With each passing year science advances a little more deeply into a realm once considered the private preserve of theologians. Cosmology (study of the origin and features of the universe) is not the only place where science has penetrated theology’s domain. Discoveries in paleontology, archeology, geology, genetics, neuroscience, biology, biochemistry, and origin-of-life research, for example, compel scientists to consider the theological implications of their findings. And, they compel people of faith to do the same.
This intrusion has generated widely diverse responses, and yet each seems to fall into one of four main categories:
• Science deals with facts; faith deals with feelings (separate “magisteria”).
• Science and faith are enemies in the battle for truth.
• Science and faith tell somewhat different but complementary stories.
• Science and faith can be integrated in a constructive way.
Given that Christian faith has its roots in acknowledgment of the Bible as God’s true and trustworthy Word, constructive integration—belief that nature and Scripture tell the same story— held sway throughout most of Christendom for many centuries. This view is set forth beautifully in the Belgic Confession.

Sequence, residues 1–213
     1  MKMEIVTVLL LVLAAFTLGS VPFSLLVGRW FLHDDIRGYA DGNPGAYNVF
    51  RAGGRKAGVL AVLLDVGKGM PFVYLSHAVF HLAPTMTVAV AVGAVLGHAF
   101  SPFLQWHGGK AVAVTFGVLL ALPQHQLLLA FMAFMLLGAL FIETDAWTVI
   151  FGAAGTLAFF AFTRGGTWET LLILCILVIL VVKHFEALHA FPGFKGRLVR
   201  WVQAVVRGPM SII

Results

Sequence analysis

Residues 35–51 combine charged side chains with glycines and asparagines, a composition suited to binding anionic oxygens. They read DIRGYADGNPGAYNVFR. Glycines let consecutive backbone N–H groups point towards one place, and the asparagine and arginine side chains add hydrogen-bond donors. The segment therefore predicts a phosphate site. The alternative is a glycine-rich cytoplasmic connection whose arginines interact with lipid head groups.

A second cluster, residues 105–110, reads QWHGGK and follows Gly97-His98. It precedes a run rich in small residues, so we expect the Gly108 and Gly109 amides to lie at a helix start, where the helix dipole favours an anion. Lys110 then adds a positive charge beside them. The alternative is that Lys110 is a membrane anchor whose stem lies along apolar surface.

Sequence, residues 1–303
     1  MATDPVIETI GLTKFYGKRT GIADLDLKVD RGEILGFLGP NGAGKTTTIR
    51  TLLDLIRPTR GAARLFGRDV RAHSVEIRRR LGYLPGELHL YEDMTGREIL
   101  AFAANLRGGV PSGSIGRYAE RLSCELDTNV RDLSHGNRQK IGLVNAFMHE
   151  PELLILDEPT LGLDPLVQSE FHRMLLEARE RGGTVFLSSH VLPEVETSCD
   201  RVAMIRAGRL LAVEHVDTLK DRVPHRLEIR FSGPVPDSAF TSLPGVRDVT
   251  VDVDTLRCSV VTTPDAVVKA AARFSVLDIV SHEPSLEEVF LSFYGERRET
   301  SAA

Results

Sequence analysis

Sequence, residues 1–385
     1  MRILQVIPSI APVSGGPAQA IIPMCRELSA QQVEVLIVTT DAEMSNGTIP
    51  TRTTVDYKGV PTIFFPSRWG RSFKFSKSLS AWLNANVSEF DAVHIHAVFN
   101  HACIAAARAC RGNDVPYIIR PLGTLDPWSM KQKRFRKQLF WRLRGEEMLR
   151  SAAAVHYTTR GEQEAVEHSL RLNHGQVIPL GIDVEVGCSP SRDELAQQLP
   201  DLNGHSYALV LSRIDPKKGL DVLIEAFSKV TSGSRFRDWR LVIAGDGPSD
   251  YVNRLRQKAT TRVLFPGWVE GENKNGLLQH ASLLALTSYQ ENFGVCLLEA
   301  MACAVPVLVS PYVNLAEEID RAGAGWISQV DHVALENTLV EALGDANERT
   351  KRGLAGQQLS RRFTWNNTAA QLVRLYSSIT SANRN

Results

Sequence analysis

The fact that the scientifi c method and scientific revolution sprang from the Reformation says a lot about the Bible’s wealth of scientific content. By my count, more than 1,500 Bible verses (not just those in Genesis) specifically describe the natural realm. Given that both records come from God, it seems obvious they would overlap—and agree.
That’s not to say conflicts between science and theology will never arise. Science is not the same thing as the record of nature; neither is theology the same as Scripture. Both science and theology represent human attempts to interpret and understand. Our incomplete knowledge and personal biases can—and do—lead to incorrect conclusions even though the words of the Bible and the facts of creation are wholly consistent and come from the same Source. Early clashes created a serious and unnecessary rift. The exciting task before us is to ferret out our faulty interpretations (on both sides) and correct them.
RTB scholars view apparent contradictions as opportunities to test competing perspectives, or models. We’re convinced that the more we learn about the Bible and the natural realm, the more compelling the evidence for God’s divine authorship of both books.